Hox midbrain expression could either represent a derived characteristic of zebrafish, or instead may reflect a more primitive vertebrate condition. In support of the hypothesis that midbrain expression is derived, no such expression has been reported for murine PG1 genes (Frohman et al., 1990; Murphy and Hill, 1991; Wilkinson et al., 1989). However, we propose that despite the mouse data, midbrain expression is likely to have an ancient origin within the vertebrates. We have observed midbrain expression of hoxa1a in the distantly related teleost medaka (C. Jozefowicz and V. E. P., unpublished), suggesting that this expression is a common feature of the teleosts. Furthermore, our finding of midbrain expression for PG1 genes from both hoxa and hoxc clusters suggests that midbrain-like expression may have existed before the initial Hox cluster duplications associated with vertebrate origins (Garcia-Fernandez and Holland, 1994). Consistent with the hypothesis that midbrain expression is an ancestral vertebrate characteristic, there has been one report of midbrain expression in a sarcopterygian vertebrate, Xenopus laevis (Kolm and Sive, 1995). This suggests that midbrain expression may have been present in the common ancestor of the sarcopterygians (lobe-finned fishes) and actinopterygians (ray-finned fishes). It should be noted that expression of Xenopus Hoxa1 has not yet been explored with single-cell resolution, and thus the precise relationship between this expression and the discrete neuronal expression domains we observe in zebrafish remains unclear. Nevertheless, all of these data suggest that lack of midbrain expression in mouse may be a derived characteristic, and it will be of interest to investigate Hoxa1 expression in additional sarcopterygians such as chick, as well as in the chondrichthyan fishes (sharks and rays) that pre-date the actinopterygian/ sarcopterygian divide.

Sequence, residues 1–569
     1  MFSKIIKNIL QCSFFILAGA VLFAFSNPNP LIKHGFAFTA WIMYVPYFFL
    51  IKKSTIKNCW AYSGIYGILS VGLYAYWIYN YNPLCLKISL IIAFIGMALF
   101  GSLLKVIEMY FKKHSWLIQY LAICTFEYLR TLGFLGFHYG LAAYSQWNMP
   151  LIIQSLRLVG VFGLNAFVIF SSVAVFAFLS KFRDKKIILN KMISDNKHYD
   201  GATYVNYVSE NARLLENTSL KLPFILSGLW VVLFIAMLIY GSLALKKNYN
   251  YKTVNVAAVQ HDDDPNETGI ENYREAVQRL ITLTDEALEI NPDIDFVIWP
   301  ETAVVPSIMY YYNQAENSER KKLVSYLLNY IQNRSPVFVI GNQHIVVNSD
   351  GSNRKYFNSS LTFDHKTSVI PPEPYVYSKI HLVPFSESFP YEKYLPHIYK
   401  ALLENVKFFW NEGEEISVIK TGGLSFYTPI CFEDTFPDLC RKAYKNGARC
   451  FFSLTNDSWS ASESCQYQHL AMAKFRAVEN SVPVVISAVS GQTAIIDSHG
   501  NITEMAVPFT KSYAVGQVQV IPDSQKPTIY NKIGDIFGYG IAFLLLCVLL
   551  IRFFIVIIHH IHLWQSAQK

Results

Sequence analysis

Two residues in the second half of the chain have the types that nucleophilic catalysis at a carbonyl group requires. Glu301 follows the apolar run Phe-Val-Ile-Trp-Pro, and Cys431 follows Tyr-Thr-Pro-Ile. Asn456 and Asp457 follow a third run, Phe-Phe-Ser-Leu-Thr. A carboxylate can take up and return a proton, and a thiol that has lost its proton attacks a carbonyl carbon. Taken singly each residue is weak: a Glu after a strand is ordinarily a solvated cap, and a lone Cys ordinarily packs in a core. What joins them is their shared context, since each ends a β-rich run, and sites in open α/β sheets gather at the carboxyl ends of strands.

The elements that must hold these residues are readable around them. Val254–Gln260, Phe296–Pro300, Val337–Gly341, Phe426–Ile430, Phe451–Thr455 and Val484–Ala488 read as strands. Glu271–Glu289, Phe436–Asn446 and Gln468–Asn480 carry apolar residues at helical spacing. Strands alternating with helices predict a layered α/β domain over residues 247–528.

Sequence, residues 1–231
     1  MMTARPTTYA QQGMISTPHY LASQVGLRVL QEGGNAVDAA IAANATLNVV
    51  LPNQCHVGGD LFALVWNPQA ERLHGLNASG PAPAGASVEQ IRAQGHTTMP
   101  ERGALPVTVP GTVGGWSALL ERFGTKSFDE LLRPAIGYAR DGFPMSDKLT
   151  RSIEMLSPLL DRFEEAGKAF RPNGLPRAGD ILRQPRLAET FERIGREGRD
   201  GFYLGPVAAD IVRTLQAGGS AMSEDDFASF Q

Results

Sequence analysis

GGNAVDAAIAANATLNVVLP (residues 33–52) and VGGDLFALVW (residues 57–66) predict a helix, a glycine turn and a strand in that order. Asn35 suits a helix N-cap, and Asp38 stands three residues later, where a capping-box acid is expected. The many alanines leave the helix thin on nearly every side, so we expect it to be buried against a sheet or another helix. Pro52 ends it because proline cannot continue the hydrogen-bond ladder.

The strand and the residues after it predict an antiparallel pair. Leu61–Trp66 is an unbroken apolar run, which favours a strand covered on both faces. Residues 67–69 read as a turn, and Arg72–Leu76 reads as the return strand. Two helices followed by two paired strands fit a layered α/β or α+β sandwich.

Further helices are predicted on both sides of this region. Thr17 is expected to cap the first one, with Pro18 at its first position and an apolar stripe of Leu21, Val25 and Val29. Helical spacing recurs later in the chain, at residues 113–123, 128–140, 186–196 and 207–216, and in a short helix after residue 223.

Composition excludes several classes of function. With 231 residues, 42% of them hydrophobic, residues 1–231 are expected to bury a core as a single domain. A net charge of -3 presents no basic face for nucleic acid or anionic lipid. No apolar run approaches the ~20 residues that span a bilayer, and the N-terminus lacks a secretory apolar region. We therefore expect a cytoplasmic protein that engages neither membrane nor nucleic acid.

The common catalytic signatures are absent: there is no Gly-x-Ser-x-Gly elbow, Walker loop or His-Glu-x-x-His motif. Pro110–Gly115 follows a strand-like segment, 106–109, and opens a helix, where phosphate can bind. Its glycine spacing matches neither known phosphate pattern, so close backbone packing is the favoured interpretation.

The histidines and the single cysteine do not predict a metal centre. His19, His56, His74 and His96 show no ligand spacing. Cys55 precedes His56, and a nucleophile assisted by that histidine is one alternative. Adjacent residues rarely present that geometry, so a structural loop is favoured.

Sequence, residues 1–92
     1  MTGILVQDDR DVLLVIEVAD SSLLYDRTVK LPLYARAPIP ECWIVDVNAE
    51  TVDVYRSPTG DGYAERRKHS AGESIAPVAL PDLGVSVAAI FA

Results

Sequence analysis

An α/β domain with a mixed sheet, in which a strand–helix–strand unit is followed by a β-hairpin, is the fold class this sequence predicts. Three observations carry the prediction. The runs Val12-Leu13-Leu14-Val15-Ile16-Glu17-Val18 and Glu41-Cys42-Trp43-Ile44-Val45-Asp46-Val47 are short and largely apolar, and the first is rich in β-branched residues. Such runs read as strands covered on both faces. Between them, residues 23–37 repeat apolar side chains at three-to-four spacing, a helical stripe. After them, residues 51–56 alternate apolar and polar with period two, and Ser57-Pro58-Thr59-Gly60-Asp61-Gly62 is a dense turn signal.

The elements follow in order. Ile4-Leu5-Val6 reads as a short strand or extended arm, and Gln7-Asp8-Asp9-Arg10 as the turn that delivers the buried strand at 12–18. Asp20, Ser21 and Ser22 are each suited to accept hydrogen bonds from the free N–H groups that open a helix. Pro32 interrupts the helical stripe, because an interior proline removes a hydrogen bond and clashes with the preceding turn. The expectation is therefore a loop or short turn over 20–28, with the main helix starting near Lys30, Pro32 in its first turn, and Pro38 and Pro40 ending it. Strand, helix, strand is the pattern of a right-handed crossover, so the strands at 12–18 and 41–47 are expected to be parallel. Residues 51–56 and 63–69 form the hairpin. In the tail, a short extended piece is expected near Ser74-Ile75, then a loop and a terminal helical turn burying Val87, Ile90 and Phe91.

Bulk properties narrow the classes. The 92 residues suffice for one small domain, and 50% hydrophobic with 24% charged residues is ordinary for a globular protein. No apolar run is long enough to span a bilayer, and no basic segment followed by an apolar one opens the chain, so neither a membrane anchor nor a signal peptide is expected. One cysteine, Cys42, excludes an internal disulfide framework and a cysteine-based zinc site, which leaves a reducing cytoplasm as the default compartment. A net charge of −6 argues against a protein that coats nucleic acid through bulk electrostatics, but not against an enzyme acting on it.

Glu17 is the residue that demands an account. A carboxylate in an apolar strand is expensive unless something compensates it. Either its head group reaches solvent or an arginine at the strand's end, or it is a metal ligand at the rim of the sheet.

hoxc1a has reduced functional capacities correlating with altered sequence